Although it is plausible that dental dams would be impermeable to STI pathogens in vitro, it would be difficult or impossible to establish the effectiveness of dental dams in preventing HIV transmission in vivo at population level, as the risk is so low, even in countries with a higher overall prevalence of HIV than Australia. Any study to evaluate this would require a cohort of discordant couples having cunnilingus but no vaginal intercourse. Even condom-protected intercourse would probably be more risky than cunnilingus, thus swamping the ability of a study to detect infection via oral sex.27 Assembling a cohort of serodiscordant lesbian couples would be well nigh impossible. No studies have been done for other viruses. It is likely that dams help prevent transmission of enteric pathogens during rimming (oral–anal contact), but there is no population research evidence.
Reasons for dam distribution Top The practical and symbolic pur ... What are dams for? Evidence for the effectiveness ... Reasons for dam distribution Meeting real rather than symbo ... Conflict of interests References
The AIDS Council of New South Wales (ACON), a partly government-funded community-based organisation, is the main HIV prevention and service organisation at state level. ACON distributes ‘safe sex’ packs at lesbian community events such as dances, and also has them available for collection free at ACON offices. Until 2005 these packs contained dams, gloves, lubricant and condoms. However, more of the dams were apparently used by gay men (for rimming) than by women. Outreach workers reported that women receiving safe sex packs at community events often took out the condom, glove and lubricant for use and discarded the dental dam. After a dance there were hundreds of unused dams on the floor. Since 2006 dental dams have no longer been included in the packs, although they are available on request from ACON offices and information stalls, and included alongside condoms and gloves in self-serve bins in the toilets at functions. About 30 boxes are distributed per year, representing 3000 dams costing A$1200.
Given the weakness of the evidence for the need for barriers to prevent HIV/STI transmission between women during cunnilingus, and the lack of evidence for the effectiveness of dental dams even where the need for a barrier is felt, it is puzzling why some health authorities and non-governmental organisations in the HIV field felt it necessary to recommend and distribute dental dams.
It has been argued that the promotion of dams reveals a desire to ‘contain’ homosexual sex.28 In parallel with condom promotion for gay men, dental dams were promoted by and for women who had sex with women, but not for men having cunnilingus. Sara MacBride-Stewart argued that dominant understandings of ‘healthy’ sex do not include sex between women, and that the dental dam represents a sealing of the lesbian body.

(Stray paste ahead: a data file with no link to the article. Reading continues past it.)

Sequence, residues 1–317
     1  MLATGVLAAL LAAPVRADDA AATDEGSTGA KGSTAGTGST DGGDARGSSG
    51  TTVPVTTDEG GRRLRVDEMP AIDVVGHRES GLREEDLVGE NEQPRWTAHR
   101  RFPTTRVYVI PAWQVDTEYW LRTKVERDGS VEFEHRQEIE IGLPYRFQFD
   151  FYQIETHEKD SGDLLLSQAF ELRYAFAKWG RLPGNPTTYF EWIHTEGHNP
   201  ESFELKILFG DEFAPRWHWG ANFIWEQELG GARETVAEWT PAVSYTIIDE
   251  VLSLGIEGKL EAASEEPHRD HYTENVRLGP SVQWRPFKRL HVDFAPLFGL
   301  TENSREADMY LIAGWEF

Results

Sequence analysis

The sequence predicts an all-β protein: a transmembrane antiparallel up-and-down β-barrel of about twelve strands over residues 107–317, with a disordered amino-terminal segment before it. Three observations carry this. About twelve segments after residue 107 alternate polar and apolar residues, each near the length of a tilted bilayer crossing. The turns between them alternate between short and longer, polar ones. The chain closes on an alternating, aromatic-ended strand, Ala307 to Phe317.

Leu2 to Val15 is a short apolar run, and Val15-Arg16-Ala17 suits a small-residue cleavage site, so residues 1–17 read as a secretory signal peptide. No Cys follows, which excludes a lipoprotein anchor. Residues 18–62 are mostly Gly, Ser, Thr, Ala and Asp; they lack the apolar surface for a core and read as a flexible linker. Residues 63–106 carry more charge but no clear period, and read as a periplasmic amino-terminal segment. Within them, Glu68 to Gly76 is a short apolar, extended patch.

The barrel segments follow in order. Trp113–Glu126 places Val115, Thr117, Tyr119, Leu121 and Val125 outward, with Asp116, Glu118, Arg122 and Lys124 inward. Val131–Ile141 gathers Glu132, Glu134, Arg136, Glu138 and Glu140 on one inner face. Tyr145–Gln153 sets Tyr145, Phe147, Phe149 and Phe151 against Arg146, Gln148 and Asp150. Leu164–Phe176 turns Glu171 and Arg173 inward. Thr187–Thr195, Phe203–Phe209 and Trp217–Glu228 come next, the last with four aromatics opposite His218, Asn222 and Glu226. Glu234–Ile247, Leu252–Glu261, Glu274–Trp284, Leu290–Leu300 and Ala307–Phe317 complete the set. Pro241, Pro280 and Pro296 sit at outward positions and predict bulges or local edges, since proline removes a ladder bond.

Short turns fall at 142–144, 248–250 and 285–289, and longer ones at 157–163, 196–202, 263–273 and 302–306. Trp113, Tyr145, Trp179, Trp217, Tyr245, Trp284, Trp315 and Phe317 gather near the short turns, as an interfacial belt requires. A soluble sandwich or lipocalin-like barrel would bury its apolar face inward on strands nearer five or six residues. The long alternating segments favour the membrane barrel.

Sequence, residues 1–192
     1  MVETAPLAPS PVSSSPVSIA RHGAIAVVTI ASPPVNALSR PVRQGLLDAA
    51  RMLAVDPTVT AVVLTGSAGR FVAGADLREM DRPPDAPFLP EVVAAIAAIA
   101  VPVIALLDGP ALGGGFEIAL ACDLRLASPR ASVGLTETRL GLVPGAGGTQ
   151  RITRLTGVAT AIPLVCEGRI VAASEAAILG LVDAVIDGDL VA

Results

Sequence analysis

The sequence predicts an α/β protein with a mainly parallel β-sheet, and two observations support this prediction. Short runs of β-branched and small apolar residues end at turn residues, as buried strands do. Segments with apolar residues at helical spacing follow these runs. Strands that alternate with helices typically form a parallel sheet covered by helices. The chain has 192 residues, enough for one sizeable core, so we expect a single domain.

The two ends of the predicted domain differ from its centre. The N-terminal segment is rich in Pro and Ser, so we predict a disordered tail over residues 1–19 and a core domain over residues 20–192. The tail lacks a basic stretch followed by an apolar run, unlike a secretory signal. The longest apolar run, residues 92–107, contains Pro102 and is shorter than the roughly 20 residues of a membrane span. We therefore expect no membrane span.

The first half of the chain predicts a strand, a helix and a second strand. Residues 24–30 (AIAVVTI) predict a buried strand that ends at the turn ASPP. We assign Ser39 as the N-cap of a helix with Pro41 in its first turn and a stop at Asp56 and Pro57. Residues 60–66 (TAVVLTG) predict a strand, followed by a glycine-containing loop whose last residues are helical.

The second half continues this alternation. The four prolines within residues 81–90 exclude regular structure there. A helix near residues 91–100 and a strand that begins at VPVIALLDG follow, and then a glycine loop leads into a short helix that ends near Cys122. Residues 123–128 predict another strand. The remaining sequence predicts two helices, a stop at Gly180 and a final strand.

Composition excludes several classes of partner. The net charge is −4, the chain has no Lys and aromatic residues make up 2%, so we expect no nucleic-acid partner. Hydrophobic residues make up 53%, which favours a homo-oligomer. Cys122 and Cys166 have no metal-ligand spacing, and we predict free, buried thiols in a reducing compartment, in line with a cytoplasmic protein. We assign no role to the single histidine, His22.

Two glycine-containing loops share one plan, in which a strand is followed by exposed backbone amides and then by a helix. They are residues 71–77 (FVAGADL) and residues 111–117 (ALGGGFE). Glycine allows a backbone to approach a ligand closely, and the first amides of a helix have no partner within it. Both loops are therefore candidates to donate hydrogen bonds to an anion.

This argument would be more plausible if it were mainstream authorities recommending dam use to lesbians, but it was the gay- and lesbian-run AIDS service organisations that provided dams. Perhaps, therefore, it was not a desire to seal off lesbian sex, but a sense of need and risk that originated elsewhere. In the 1990s, many lesbian, bisexual and queer women were surrounded by HIV – among their gay male friends, in their work as nurses or carers, in queer circles, as sexual adventurers on the leather or fetish scenes, or through drug-using networks. Many of them knew HIV-positive women and may have been unconvinced that lesbians were at low risk of acquiring HIV through sex. They saw resources being spent on HIV prevention among gay men, and women being largely ignored.
AIDS service organisations were in a sense ‘damned if they did and damned if they didn’t’ do something about HIV prevention among women who have sex with women. If they did nothing, even where there was minimal evidence of need, they were seen as ignoring and marginalising women. If they did something, despite minimal evidence of risk, they were seen to be stigmatising and stereotyping lesbians, or to be misdirecting resources.
Despite the fact that dams would in theory reduce STI transmission via oral sex, the question has to be asked whether they would be used in situations of risk. Given the practices and values of the subculture of sex between women, it is likely that alternatives such as explicit agreements about sex outside the relationship, greater awareness of mouth hygiene and lesions (in relation to HIV), or avoidance of oral sex if one partner has herpes would all be more acceptable to women concerned about STIs. Some of these strategies and others are promoted by a safer sex promotion website for women developed and evaluated in Australia.
Cox and McNair remark that most safer sex resources for women who have sex with women focus on latex products, yet few of their participants had ever used any latex products.29 Cox and McNair refer to women’s ‘consistent aversion to latex’ and interpret support for the safer sex project as a way of affirming sex between women. Thus it appears that the provision of dental dams is a knee-jerk reaction to the theoretical risk of STI transmission between women, based on an assumption that they are equivalent to condoms for sex between men. This, rather than any evidence of need, appears to have been the reason for supplying them in women’s prisons in New South Wales.